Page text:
Chapter 5. Validate All Input


Wisdom will save you from the ways of wicked men, from men whose words are perverse...

 Proverbs 2:12 (NIV)
Table of Contents
5.1. Basics of input validation
5.2. Input Validation Tools including Regular Expressions
5.2.1. Introduction to regular expressions
5.2.2. Using regular expressions for input validation
5.2.3. Regular expression denial of service (reDOS) attacks
5.3. Command line
5.4. Environment Variables
5.4.1. Some Environment Variables are Dangerous
5.4.2. Environment Variable Storage Format is Dangerous
5.4.3. The Solution - Extract and Erase
5.4.4. Don’t Let Users Set Their Own Environment Variables
5.5. File Descriptors
5.6. File Names
5.7. File Contents
5.8. Web-Based Application Inputs (Especially CGI Scripts)
5.9. Other Inputs
5.10. Human Language (Locale) Selection
5.10.1. How Locales are Selected
5.10.2. Locale Support Mechanisms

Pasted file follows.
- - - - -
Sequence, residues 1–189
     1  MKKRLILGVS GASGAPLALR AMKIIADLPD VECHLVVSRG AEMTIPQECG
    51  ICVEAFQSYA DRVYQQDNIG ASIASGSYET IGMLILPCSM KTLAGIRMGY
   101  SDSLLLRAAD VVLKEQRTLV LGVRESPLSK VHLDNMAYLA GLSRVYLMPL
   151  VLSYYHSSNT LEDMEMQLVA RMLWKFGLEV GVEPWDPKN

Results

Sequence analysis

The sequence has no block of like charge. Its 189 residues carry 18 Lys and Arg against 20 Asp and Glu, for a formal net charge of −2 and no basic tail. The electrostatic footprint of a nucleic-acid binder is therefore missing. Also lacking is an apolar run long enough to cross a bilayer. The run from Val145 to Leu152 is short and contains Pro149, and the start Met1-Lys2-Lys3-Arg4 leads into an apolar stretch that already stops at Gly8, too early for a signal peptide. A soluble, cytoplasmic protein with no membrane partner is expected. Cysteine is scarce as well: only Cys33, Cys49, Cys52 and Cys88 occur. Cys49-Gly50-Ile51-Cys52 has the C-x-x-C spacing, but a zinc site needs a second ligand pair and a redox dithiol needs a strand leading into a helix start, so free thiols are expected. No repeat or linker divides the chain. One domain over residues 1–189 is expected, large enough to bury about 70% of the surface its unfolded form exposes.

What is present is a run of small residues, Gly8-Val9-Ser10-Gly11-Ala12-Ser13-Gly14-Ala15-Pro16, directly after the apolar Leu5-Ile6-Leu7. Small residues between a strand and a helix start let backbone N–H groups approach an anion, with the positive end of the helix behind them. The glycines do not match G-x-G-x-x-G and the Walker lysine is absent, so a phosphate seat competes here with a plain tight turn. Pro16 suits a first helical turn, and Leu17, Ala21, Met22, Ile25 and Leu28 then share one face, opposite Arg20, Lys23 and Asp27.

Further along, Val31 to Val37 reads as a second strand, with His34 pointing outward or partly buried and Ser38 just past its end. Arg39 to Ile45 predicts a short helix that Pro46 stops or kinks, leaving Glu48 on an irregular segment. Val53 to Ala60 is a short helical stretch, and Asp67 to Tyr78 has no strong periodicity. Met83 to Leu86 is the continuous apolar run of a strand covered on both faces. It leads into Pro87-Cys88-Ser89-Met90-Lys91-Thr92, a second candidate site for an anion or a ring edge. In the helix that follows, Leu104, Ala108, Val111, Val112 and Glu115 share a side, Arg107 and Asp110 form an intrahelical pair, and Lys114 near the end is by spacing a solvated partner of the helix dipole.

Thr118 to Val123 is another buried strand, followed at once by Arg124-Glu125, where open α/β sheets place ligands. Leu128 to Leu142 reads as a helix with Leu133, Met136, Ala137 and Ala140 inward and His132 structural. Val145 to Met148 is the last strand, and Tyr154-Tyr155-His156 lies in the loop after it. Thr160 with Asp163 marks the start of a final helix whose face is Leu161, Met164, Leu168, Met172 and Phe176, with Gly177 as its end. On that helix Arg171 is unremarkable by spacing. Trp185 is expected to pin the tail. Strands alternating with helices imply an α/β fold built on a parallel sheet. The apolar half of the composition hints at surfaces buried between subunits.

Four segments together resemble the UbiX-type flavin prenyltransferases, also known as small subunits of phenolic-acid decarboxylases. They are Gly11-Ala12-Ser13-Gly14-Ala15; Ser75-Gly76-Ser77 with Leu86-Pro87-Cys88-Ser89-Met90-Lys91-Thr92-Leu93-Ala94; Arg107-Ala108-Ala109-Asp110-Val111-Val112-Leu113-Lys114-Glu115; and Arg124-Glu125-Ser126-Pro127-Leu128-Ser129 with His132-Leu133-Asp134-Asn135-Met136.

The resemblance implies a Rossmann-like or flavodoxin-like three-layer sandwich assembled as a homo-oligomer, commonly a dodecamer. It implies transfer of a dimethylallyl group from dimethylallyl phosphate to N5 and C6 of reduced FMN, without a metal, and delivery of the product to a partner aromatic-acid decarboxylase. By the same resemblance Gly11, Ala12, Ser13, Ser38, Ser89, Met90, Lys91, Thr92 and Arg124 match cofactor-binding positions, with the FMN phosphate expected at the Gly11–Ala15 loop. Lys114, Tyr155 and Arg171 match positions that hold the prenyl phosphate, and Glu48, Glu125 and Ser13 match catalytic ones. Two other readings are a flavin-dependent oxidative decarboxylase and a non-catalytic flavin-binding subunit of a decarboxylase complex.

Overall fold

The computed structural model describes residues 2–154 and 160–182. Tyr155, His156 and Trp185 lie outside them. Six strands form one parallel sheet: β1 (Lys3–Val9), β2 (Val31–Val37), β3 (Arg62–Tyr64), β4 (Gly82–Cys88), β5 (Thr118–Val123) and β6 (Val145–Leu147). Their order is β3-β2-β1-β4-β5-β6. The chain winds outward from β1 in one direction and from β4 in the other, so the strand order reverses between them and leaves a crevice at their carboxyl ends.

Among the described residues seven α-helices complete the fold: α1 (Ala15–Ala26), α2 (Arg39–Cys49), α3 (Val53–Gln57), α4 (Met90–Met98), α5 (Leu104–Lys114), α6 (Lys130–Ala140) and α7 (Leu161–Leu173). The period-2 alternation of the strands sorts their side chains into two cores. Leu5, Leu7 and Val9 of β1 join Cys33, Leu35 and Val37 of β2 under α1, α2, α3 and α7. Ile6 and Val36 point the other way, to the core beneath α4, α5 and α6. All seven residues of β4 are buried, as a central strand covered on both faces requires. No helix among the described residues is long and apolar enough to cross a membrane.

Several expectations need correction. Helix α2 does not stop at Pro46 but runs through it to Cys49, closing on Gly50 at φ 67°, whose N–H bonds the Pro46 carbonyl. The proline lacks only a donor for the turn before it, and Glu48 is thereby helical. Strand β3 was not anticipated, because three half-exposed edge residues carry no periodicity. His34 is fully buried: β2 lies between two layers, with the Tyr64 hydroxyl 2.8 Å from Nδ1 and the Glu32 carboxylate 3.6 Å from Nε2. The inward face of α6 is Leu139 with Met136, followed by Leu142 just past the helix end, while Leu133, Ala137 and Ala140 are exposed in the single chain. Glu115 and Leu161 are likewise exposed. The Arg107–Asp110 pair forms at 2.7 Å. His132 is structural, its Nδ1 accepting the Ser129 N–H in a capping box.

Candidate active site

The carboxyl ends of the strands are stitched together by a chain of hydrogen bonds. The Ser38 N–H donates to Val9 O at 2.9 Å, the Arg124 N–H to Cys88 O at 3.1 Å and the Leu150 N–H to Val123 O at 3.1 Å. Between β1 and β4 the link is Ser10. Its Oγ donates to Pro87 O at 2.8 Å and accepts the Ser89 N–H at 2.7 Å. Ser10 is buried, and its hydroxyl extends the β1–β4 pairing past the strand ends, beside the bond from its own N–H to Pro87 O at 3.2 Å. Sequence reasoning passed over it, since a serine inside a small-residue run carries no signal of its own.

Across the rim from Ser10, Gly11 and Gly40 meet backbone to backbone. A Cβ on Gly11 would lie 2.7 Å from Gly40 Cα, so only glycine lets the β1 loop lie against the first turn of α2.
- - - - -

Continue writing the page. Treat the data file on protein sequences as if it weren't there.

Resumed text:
5.10.3. Legal Values
5.10.4. Bottom Line
5.11. Character Encoding
5.11.1. Introduction to Character Encoding
5.11.2. Introduction to UTF-8
5.11.3. UTF-8 Security Issues
5.11.4. UTF-8 Legal Values
5.11.5. UTF-8 Related Issues
5.12. Prevent Cross-site Malicious Content on Input
5.13. Filter HTML/URIs That May Be Re-presented
5.13.1. Remove or Forbid Some HTML Data
5.13.2. Encoding HTML Data
5.13.3. Validating HTML Data
5.13.4. Validating Hypertext Links (URIs/URLs)
5.13.5. Other HTML tags
5.13.6. Related Issues
5.14. Forbid HTTP GET To Perform Non-Queries
5.15. Counter SPAM
5.16. Limit Valid Input Time and Load Level

Some inputs are from untrustable users, so those inputs must be validated (filtered) before being used. We will first discuss the basics of input validation. This is followed by subsections that discuss different kinds of inputs to a program; note that input includes process state such as environment variables, umask values, and so on. Not all inputs are under the control of an untrusted user, so you need only worry about those inputs that are.